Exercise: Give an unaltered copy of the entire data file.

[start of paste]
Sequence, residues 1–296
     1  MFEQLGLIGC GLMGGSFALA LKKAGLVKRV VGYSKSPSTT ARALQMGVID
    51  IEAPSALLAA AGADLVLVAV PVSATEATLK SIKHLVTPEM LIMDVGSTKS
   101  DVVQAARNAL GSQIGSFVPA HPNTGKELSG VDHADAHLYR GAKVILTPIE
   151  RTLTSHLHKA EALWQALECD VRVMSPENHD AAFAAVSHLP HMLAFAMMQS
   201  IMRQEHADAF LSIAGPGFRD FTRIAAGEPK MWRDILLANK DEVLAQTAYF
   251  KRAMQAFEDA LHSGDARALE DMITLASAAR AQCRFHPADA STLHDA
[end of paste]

Sequence, residues 1–296
     1  MFEQLGLIGC GLMGGSFALA LKKAGLVKRV VGYSKSPSTT ARALQMGVID
    51  IEAPSALLAA AGADLVLVAV PVSATEATLK SIKHLVTPEM LIMDVGSTKS
   101  DVVQAARNAL GSQIGSFVPA HPNTGKELSG VDHADAHLYR GAKVILTPIE
   151  RTLTSHLHKA EALWQALECD VRVMSPENHD AAFAAVSHLP HMLAFAMMQS
   201  IMRQEHADAF LSIAGPGFRD FTRIAAGEPK MWRDILLANK DEVLAQTAYF
   251  KRAMQAFEDA LHSGDARALE DMITLASAAR AQCRFHPADA STLHDA